Tuesday, December 13, 2011

Hitchhiker's guide to the galaxy

This is the last assignment for me while studying English.

Once upon a time long long ago I read a book after listening to my older brother who said it was a great book. He said it was a trilogy in four parts. Impossible, I thought, but it was true! And that's the way this book works.

When I had to read a book now I thought: “Why not read that book again, but in English, it is always better to read in the original language”. (Of course I have read a lot of other English books lately, mostly by Tom Clancy and Robert Ludlum, but now I had to read for the class)

First short about his language, before I proceeds with the subject I have chosen: Critics of the society.


The author Douglas Adams had got magic fingers when he tapped on his computer, unfortunately he died before he wrote the last book “and another thing...”, which is the sixth part (Eion Colfer wrote it as a 30 years celebration of the first part).
He uses the laws of physics and the words different meanings so that you sometimes feel lost in a jungle of misunderstandings. One of my favorite quote is “the (space)ships hung in the sky in much the same way that bricks don't”.
Even the babelfish is an invention of Mr Adams which has been used in a lot of places, for example yahoo's translation tool Babel Fish.

Critics of the society

Religion is alway a nice subject to talk about, because everyone have something to say about it.
First of all, in the begining of the book he wrote about "a man nailed to a tree just because he wanted everyone to be polite to each other" (not a quote). It says a lot about how we humans are. Cruel and without logic.
Talking about logic we'll se how he kills God! "I refuse to prove that I exist,' says God, 'for proof denies faith, and without faith I am nothing." (chapter six) Just a logical proof and God ceases to exist.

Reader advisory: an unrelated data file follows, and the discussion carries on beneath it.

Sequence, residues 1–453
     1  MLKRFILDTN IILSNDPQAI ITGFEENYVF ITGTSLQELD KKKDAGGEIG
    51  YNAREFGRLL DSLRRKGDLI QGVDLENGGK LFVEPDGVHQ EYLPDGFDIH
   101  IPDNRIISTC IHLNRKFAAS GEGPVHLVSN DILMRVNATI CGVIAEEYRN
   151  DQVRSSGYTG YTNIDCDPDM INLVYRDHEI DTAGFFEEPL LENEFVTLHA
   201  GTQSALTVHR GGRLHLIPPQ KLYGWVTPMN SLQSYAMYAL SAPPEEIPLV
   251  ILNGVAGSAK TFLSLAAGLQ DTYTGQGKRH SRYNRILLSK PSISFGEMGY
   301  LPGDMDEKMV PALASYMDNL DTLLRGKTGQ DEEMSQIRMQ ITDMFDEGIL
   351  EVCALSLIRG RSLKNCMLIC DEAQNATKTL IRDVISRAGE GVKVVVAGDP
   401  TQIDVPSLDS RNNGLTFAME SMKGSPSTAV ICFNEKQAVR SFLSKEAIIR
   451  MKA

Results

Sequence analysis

Much of the critisism is hidden in peculiar was, like the money transactions "Many solutions were suggested for this problem (depressed people), but most of these were largely concerned with the movement of small green pieces of paper, which was odd because on the whole it wasn't the small green pieces of paper that were unhappy." He's got a very good point there, in the introduction to the book. The moving of green papers have killed many and made even more suffer a lot. 

In the third chapter of the first book the Vogons (space creatures) tells the humans that their planet are going to be destroyed, and that the plans have been out in the public for 50 years (in the center of the galaxy), so no use to complain. It is so obvious that the ordinary people have no chance against the bureaucrats when it comes to complain. There are even more places in the book about this, but I will let you read those passages by your self.

Why read this book?
That's a good question! The book is very strange and I know that a lot of people, especially non-nature science-people, have a hard time with it. If you are going to be an engineer you must have read it. It is a classics!

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